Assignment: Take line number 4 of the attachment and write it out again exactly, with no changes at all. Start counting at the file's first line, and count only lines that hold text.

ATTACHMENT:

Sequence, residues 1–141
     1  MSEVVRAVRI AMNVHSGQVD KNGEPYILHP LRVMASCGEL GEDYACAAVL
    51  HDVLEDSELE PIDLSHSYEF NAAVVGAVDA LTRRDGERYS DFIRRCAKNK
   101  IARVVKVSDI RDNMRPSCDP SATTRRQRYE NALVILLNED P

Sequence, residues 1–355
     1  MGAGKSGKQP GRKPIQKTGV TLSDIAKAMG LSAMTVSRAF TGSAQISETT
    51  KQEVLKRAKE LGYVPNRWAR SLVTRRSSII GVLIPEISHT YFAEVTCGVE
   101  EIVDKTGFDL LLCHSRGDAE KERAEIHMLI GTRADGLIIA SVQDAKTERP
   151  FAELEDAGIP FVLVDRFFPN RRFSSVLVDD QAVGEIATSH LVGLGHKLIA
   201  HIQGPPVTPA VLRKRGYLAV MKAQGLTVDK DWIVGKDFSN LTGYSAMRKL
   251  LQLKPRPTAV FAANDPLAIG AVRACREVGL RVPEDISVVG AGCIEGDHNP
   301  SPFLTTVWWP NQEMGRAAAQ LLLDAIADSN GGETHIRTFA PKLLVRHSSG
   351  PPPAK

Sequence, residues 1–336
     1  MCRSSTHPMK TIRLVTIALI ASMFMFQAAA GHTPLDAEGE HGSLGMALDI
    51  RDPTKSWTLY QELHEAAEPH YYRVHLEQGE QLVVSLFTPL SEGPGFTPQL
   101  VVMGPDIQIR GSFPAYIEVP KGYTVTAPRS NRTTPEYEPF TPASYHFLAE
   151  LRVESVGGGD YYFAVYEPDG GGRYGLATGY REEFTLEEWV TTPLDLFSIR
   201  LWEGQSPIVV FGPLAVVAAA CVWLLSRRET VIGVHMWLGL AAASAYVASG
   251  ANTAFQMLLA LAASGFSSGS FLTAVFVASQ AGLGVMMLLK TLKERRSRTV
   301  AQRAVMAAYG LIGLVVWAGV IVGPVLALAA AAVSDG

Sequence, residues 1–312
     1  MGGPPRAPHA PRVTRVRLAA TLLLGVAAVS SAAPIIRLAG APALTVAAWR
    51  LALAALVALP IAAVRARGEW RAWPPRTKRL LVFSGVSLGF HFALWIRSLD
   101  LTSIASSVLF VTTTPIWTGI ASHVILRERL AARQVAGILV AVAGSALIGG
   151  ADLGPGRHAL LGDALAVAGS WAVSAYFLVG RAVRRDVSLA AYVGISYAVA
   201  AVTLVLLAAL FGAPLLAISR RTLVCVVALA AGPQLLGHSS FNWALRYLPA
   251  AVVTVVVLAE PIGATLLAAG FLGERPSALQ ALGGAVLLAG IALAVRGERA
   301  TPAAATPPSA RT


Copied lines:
   101  IARVVKVSDI RDNMRPSCDP SATTRRQRYE NALVILLNED P